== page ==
The harshest critics dubbed them virtual strip searches, others expressed health concerns over low doses of radiation.

Well it's all over now: full body scanners that produce revealing images of airline travelers are out of airports for good.

They've been controversial since the start. The government began rolling out backscatter technology that produced a full body image of a traveler after a failed bombing in 2009.

The security procedures made headlines, and sparked an outcry.

"No, I don't like them because I think that it invades your privacy,"one passenger said.  "And the scanners should not go that far in depth."

Some passengers were willing to electronically bare it all in the name of safety, while others just got used to the machines.

"I travel quite a bit and it's kind of just something you do," explained Emily Dougherty. "You go with it and whatever gets you through the fastest and feels the safest is kind of what works."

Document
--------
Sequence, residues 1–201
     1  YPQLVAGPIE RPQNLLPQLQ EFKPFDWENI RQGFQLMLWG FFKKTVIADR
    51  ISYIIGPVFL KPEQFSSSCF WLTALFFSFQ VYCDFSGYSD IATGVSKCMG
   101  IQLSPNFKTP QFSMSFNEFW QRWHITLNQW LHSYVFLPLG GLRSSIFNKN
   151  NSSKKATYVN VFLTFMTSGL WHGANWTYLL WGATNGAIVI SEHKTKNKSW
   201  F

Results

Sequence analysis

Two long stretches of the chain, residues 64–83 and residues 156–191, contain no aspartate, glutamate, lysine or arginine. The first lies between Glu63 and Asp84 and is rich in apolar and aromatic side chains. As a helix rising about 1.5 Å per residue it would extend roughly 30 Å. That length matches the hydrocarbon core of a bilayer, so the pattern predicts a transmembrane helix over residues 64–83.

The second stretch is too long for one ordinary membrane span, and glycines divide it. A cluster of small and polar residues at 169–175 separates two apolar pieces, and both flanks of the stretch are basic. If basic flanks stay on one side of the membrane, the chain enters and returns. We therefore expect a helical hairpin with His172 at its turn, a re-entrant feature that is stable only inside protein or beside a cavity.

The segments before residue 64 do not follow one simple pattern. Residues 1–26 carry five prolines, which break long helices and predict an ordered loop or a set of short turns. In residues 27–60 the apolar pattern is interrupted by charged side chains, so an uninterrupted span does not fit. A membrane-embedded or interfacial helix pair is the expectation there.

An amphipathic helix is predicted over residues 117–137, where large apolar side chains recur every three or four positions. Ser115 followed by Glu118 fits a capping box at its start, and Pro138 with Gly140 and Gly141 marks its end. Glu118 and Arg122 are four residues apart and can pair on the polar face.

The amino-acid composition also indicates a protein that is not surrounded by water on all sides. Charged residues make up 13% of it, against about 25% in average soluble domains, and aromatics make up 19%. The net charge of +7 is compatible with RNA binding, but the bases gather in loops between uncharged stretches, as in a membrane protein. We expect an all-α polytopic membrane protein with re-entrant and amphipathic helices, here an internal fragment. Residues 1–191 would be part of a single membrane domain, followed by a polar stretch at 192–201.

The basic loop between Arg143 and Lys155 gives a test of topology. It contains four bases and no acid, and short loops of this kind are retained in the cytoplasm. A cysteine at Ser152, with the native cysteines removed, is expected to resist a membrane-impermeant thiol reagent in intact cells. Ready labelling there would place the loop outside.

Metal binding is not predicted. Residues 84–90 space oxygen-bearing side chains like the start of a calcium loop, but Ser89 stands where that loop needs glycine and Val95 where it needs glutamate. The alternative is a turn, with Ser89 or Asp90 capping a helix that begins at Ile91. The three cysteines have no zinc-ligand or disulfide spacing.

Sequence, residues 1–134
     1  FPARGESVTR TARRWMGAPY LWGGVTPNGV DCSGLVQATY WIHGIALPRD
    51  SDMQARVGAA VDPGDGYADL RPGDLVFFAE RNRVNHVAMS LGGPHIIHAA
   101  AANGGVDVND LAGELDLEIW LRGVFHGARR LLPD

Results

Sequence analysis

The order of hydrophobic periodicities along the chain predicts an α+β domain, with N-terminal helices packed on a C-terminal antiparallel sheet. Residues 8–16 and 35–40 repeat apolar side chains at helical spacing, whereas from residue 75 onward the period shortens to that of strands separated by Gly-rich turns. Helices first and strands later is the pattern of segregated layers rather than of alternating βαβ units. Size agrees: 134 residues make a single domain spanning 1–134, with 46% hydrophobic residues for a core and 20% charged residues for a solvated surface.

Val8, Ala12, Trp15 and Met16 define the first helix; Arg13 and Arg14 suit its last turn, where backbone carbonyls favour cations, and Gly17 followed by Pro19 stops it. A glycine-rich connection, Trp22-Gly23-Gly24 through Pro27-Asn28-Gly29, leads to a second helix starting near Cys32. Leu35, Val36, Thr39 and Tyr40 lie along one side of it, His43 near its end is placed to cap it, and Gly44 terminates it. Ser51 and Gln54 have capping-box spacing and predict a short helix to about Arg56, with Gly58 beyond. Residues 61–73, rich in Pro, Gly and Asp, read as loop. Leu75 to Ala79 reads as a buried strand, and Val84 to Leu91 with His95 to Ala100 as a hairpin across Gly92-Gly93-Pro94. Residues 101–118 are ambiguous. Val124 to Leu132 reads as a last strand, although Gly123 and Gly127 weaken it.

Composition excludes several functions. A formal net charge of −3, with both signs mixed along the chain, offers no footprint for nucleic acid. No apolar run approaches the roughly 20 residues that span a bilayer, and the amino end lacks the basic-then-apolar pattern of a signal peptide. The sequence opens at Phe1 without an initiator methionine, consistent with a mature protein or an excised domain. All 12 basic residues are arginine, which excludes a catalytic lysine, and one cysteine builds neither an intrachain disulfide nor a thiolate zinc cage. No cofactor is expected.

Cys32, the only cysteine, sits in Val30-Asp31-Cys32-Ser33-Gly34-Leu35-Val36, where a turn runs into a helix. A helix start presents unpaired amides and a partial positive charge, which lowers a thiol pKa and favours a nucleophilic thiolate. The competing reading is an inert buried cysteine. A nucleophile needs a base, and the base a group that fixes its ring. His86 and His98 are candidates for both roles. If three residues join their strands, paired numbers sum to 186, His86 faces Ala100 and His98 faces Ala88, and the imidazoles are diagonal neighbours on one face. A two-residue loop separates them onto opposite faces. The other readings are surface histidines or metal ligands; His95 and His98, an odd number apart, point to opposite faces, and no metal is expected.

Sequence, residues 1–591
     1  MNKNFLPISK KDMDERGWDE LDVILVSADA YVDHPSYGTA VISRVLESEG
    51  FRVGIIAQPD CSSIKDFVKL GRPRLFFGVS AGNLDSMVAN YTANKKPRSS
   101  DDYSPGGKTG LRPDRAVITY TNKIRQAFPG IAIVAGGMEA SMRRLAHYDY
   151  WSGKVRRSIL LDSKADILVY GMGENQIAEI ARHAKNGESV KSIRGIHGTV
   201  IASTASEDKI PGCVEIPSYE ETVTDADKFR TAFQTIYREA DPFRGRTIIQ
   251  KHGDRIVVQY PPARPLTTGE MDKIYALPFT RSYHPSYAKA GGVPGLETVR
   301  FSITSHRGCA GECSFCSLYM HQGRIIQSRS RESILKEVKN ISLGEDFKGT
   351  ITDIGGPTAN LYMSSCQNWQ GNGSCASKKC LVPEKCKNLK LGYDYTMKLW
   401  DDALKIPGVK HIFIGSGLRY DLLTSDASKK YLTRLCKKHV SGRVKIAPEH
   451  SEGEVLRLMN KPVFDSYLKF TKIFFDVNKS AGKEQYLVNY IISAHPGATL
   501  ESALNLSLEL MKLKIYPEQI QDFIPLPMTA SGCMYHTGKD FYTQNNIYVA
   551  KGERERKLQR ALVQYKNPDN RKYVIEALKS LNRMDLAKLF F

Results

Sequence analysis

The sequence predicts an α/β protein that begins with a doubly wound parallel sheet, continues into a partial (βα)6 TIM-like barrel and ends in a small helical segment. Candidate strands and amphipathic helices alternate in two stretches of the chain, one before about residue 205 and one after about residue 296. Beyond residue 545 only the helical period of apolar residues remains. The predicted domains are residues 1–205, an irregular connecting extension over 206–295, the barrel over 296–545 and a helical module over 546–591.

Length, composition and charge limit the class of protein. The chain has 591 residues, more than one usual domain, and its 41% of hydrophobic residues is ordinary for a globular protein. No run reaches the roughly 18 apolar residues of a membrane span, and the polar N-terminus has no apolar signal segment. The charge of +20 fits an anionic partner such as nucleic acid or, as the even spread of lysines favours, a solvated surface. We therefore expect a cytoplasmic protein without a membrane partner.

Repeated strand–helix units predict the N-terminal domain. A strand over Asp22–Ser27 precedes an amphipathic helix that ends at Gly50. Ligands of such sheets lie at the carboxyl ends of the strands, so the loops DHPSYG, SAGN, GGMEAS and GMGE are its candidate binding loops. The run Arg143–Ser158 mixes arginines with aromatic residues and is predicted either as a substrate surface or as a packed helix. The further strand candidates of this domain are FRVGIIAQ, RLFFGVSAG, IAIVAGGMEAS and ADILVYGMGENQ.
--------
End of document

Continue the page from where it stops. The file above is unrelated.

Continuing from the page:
"Doesn't bother me," added Randy Weirman. "I travel every month, internationally, and you forget about it."

"It's just something else you have to go through," said Bob Wagoner. "If you have to go through it, then as long as it's expedient I don't care."

But after the manufacturers of the security scanners failed to meet a Congressional deadline for new software that would protect passengers' privacy, the TSA pulled the plug.

It had a June 1st deadline to remove all 250 backscatter machines from US airports.

These changes don't mean the end of full body scanners. Travelers will go through new machines that use a system that relies on radio waves and shows a generic stick figure as an image.

Right now there are more than 700 of these body scanners in about 165 airports.

"They don't show the full scan anymore," described Dougherty. "It's just like an ok and it's quicker and it doesn't get hung up on a lot of things."

"They actually pick up a lot of different things," said Weirman. "People have stuff in their pockets, they can see everything very quickly and easily."